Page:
The musical adaptation of the beloved Archie comics shepherded by director Zoya Akhtar will seem like a soothing palette cleanser if you have been scarred by the likes of Ranbir Kapoor’s hyper-toxic and violent film ‘Animal.’ The female friendship code showcased in a sacrosanct manner in this benign film – a cluster-casting of star kids like iconic actor Shah Rukh Khan’s daughter Suhana and the late legend Sridevi’s daughter Khushi Kapoor -- is also a welcome change. Director Zoya Akhtar does a neat job of transplanting the Riverdale gang to a colorful Indian milieu. The jump from the page to the screen may seem staged and a tad sterile in the beginning, but you warm up to the Riverdale gang and their almost utopian world quickly.
While the popular comics were set in the fictional town of New York, Akhtar brings her characters -- the lovable and amiable Archibald Andrews (Agastya Nanda), girl-next-door Betty Cooper (Khushi Kapoor), and the wealthy, sporadically snooty Veronica Lodge (Suhana Khan) – alive in a sepia-toned Anglo-Indian community living in Ooty, a hillside destination in South India. The battles of this lovable bunch of young adults aren’t global in nature or as significant as world peace, but their cause – a collective bid by a spirited bunch of 17-year-olds to save their neighborhood park and trees from corporate greed – still feels relevant.
While it’s heartening to see age-appropriate casting in a Bollywood film, the talents that showed immense promise and budding star power are Suhana Khan and Vedang Raina, who play Veronica Lodge and Reggie with utmost sass and flair. Khan – who has inherited her iconic dad’s on-screen charisma and magnetism -- seems to be a natural on the small screen and appears to be having fun playing the spoilt, privileged, and sometimes catty Lodge. Newcomer Raina is also memorable in his role as the self-assured and conceited Reggie. We wish we had seen more of Reggie. My heart also went out to actor Yuvraj Menda who played the nerdy teen Dilton Doiley to perfection, just like the highly efficient Mihir Ahuja (food-loving Jughead Jones) and Dot (Ethel Muggs). But the same couldn’t be said of Agastya Nanda and Khushi Kapoor, who play the crucial roles of Archie and Betty Cooper. On paper, they should ideally be doing the heavy-lifting, but somehow they appear coltish when it comes to acting. At the risk of sounding like a strict teacher grading students, they do get marks for being earnest.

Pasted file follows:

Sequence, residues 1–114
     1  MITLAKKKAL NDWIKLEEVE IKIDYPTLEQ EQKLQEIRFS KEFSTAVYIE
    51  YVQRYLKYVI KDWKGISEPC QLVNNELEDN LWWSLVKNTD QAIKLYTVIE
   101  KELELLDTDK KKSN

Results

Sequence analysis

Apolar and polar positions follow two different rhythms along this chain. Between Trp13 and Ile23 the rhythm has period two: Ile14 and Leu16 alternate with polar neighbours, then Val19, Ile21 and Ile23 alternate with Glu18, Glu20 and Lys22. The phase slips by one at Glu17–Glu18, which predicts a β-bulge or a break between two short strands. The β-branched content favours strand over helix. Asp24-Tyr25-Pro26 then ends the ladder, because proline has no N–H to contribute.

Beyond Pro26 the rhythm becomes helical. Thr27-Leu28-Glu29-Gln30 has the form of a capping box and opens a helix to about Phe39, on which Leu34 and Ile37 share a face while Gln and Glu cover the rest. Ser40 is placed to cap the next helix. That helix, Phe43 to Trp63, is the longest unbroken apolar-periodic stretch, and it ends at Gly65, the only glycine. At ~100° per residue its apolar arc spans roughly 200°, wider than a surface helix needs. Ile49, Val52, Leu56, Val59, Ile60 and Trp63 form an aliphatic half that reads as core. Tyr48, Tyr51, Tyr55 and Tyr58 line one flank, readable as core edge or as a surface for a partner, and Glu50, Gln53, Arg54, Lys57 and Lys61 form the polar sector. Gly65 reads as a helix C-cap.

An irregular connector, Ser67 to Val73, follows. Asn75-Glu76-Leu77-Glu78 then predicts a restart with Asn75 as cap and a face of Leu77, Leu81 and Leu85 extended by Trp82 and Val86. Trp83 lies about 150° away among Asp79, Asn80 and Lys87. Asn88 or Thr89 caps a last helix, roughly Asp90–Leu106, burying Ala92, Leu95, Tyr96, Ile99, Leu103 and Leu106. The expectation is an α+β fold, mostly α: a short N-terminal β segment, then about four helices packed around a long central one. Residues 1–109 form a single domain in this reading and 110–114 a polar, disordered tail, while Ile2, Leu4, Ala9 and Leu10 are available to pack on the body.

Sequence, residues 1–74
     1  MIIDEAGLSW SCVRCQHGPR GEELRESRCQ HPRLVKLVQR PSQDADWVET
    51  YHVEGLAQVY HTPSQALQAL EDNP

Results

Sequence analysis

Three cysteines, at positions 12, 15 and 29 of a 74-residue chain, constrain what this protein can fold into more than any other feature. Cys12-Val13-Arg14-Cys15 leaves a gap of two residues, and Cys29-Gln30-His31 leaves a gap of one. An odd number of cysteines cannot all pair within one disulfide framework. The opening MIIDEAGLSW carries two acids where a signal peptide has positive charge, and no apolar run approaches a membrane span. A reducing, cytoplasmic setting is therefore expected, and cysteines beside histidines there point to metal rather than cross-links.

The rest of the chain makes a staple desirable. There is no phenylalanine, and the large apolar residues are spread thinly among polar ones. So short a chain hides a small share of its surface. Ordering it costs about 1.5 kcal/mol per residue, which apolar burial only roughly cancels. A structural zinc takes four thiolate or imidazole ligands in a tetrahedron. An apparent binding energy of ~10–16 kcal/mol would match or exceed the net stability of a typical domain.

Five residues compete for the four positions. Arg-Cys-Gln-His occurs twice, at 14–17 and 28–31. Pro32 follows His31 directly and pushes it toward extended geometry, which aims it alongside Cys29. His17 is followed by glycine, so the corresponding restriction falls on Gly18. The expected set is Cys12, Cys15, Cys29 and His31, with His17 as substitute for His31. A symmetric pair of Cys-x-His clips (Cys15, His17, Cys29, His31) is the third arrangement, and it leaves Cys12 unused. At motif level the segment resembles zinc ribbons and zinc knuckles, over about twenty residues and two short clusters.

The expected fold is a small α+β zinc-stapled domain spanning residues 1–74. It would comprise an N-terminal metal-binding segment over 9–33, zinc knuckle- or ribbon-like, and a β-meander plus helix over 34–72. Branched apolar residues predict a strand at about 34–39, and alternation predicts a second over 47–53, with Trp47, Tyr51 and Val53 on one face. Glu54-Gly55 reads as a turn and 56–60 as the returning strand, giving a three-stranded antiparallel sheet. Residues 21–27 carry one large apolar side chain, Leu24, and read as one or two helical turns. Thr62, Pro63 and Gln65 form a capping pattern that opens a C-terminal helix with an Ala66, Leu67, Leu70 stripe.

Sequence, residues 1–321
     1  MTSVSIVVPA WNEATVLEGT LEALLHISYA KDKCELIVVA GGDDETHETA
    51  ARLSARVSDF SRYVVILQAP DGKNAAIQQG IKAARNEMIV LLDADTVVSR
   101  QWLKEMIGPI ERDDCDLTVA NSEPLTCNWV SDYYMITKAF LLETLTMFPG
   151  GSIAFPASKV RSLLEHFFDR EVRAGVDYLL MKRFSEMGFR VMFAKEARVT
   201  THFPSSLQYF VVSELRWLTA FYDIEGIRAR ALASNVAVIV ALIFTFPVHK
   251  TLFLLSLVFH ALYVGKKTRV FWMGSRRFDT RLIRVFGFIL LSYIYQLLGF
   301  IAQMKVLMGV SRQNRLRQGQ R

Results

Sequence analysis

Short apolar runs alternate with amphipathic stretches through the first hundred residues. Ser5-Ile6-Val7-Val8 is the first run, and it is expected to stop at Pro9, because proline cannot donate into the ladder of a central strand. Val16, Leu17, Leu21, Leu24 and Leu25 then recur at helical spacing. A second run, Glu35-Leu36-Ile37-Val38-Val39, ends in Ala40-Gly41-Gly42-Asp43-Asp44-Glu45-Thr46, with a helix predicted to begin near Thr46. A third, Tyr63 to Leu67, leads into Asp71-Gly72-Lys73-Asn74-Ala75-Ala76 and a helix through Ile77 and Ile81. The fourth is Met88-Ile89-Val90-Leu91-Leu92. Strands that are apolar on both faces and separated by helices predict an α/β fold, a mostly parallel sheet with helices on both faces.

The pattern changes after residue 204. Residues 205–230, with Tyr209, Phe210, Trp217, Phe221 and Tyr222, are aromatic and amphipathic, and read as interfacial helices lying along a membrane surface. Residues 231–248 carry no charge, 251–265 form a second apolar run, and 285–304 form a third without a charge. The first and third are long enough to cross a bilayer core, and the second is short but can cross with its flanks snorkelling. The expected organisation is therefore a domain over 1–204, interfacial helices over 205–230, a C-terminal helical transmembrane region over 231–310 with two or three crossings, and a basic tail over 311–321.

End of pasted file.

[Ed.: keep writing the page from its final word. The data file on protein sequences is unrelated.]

But whether they cracked the DNA of Betty and Archie – so pivotal to making it a cohesive story – remains questionable. Somehow, Agastya – who was on call to be a clumsy lothario/lovable jock - couldn’t bring the different shades to Archie alive. His performance felt restrained and limited. For instance, the caddishness of Archie, an angst-free bloke on most days who was essentially two-timing Betty and Veronica because he couldn’t make up his mind, wasn’t brought to the front. Perhaps, someone as seasoned and versatile like Ishaan Khatter, albeit five years older than Agastya Nanda who’s now 23, would have been a better fit. But that’s just a thought. While it’s essential to remember that it’s their career’s first film, we should ideally cut them some slack. But not every viewer will be in a forgiving and benevolent mood. Khushi Kapoor, who got the opportunity to play somebody as popular as Betty, should have run with her role. But she fails to move you. In comparison, the other adult actors who play their parents or town’s corrupt and greedy councilmen (Vinay Pathak) go a bit overboard and appear like a caricature.
While the movie is engaging in parts, ‘The Archies’ doesn’t have the same enduring appeal as Akhtar’s previous films like ‘Zindagi Na Milegi Dobara,’ which felt like an effortless and seamless buddy romance. The start of this musical is unbelievably theatrical, but fortunately, there’s redemption in the second half when the drama and action pick up. Watch this film if you are in the mood for an unthreatening film that may not rock your boat but will lull you into a world where problems aren’t monstrous, and its players aren’t bestial.
Director: Zoya Akhtar
Cast: Suhana Khan, Khushi Kapoor, Agastya Nanda, Vedang Raina, Mihir Ahuja, Yuvraj Menda, Dot, Koel Puri
Stars: 2.5 out of 5
Don’t Miss It! ‘The Archies’ is out on Netflix now